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How the GOP Gave Some Scratch to Etch-a-Sketch
By: Shawn Paul Wood
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Lite-Brite. Simon. Speak & Spell. Rubik's Cube. Even a View Master. 

The mere mention of these toys opens up a vortex and sucks us through time to the totally tubular 1980s. And as I unroll my pant cuffs and kick off my Vans, I should reach for the number one time-warp toy: my sweet, ruby-red Etch-a-Sketch. It seems like the more I crank on both of these knobs and draw a picture that would make that amateur Da Vinci green with envy, the more I am transported to the days of "Fast Times of Ridgemont High."

Well, that or the 2012 GOP run for the roses known as the Republican Primary Voting BlitzWhat the what? It's flabbergasting what the media chooses to make into a story, specifically considering they are given the same, mundane talking points with debate after debate after debate after... oh, well, I get it now. Let's review what a beloved toy from the 1980s has to do with the political mudslinging, and why that brand is experiencing a resurrection of sorts. 

Just when Mittens was about to put his fresh new gators on the neck of the Santorum campaign, one of Romney's former senior advisers traipsed on CNN and suggested his boss could change like an Etch-a-Sketch drawing:

"I think you hit a reset button for the fall campaign," Eric Fehrnstrom, a longtime adviser to Mr. Romney, said in response to a question about pivoting to a matchup with Mr. Obama and appealing to moderate swing voters. "Everything changes. It's almost like an Etch-a-Sketch. You can kind of shake it up and restart all over again."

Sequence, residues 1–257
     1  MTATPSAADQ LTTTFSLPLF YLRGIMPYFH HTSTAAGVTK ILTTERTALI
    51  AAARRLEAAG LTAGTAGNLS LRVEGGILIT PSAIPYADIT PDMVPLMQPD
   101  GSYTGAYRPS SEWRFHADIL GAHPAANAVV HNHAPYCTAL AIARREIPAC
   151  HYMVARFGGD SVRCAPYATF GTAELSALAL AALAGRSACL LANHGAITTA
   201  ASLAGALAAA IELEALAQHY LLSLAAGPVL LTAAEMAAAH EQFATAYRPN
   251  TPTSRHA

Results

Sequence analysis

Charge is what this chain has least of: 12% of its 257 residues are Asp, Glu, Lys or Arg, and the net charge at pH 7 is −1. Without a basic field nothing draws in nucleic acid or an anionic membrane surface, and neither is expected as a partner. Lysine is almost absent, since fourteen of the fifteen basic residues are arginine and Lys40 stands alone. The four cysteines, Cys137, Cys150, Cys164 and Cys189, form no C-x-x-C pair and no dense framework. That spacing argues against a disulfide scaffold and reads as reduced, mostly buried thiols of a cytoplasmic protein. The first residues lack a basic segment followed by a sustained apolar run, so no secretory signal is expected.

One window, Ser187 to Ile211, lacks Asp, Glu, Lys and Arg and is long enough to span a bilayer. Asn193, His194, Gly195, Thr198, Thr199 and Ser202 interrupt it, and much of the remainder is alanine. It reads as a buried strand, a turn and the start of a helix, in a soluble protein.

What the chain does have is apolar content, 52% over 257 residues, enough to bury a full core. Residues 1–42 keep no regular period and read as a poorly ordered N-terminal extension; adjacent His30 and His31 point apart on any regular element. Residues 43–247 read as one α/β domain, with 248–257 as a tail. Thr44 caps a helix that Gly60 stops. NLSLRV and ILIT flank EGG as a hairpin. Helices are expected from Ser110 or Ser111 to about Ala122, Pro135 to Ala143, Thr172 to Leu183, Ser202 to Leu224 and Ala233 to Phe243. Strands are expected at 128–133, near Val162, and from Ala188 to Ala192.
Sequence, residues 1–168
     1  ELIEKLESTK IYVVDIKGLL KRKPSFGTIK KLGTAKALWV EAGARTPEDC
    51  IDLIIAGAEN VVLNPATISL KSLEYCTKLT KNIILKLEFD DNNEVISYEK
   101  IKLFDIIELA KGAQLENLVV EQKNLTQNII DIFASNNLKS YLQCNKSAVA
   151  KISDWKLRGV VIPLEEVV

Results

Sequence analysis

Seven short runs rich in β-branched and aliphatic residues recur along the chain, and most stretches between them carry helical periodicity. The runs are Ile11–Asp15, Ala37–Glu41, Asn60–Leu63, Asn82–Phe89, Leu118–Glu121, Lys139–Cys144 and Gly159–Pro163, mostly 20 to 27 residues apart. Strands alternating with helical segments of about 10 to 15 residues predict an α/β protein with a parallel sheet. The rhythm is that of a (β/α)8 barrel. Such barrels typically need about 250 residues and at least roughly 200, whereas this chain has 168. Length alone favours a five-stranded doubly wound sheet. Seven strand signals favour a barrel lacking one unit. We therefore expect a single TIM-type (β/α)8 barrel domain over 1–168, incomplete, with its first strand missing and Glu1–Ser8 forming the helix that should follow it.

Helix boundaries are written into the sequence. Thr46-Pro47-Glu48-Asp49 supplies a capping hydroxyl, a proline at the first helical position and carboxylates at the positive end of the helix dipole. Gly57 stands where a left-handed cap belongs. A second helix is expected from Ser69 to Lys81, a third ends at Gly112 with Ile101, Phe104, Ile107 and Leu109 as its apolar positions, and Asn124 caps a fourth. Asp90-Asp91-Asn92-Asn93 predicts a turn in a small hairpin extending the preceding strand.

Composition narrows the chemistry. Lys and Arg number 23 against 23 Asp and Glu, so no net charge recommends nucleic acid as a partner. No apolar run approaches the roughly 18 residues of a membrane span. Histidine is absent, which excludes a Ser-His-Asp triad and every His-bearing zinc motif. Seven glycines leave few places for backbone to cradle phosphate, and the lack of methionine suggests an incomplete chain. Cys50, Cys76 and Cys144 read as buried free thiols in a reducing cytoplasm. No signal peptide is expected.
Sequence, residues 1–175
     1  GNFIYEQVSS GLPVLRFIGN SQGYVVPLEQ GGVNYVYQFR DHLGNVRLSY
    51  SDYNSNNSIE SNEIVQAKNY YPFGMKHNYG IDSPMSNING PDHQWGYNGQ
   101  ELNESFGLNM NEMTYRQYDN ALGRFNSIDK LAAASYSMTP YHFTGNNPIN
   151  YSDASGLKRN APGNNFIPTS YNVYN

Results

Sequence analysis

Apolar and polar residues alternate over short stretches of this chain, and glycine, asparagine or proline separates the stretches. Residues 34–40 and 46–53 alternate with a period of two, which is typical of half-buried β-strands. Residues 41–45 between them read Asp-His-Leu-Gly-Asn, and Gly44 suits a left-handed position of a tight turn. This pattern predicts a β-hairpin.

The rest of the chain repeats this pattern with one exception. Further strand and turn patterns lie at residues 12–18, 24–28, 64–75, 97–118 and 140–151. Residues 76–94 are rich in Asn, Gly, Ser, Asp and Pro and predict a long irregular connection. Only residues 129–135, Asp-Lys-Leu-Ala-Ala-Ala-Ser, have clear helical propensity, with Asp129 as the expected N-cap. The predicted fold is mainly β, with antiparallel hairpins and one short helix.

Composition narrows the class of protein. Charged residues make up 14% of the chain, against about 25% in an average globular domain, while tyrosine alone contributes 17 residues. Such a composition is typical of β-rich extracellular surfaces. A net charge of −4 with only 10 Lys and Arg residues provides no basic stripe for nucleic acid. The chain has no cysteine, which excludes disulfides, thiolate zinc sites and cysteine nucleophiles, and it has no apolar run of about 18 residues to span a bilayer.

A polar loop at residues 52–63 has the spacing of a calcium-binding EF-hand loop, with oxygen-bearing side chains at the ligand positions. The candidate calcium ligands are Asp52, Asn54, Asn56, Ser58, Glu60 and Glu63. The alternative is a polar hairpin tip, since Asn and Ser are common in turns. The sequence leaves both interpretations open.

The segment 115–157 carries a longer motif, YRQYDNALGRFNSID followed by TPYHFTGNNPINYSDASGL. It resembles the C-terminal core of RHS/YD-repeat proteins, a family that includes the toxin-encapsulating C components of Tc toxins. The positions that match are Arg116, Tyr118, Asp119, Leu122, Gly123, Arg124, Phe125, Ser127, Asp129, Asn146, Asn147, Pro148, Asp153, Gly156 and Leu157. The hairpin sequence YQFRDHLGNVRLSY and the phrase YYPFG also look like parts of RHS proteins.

That reference sent pundits from both sides of the fence chum in the water that Romney was "an untrustworthy standard-bearer for the conservative cause." Rick Santorum has been handing out Etch-a-Sketch toys out to his acolytes in several towns. Newt Gingrich's campaign tweeted, "Etch-a-Sketch is a great toy, but a losing strategy." Then, the former Speaker of the House decided that wasn't enough and had a snappy website created called SketchyRomney.com. (For the record, Newt has been out of this campaign for a couple of months, but that move just gave someone a raise at any PR firm in Washington D.C. With a corner office.)

Naturally, being an astute marketing guy, here comes a brilliant quote from Ohio Arts, the parent company of the 1980s throwback via an interview on NPR

Martin Killgallon, marketing director for Ohio Arts, we salute you: "We have a left knob and a right knob...so we neutrally speak to both parties." 

I would love to give Mr. Killgallon a righteous fist bump for that genius. From a slick website to a shrewd talking point, who says nothing good comes out of politics? Now, if you will excuse, I'm going to twist and turn this thing until I get a sweet resemblance of the Mona Lisa while watching a "Miami Vice" marathon. Carry on.

   

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About the Author
Shawn Paul Wood is a hack-turned-flack with more than 20 years of collective journalism, copywriting and marketing communications experience. Shawn Paul is founder of Woodworks Communications in Dallas, Texas. If you need him, ping him here or follow him on Twitter @ShawnPaulWood
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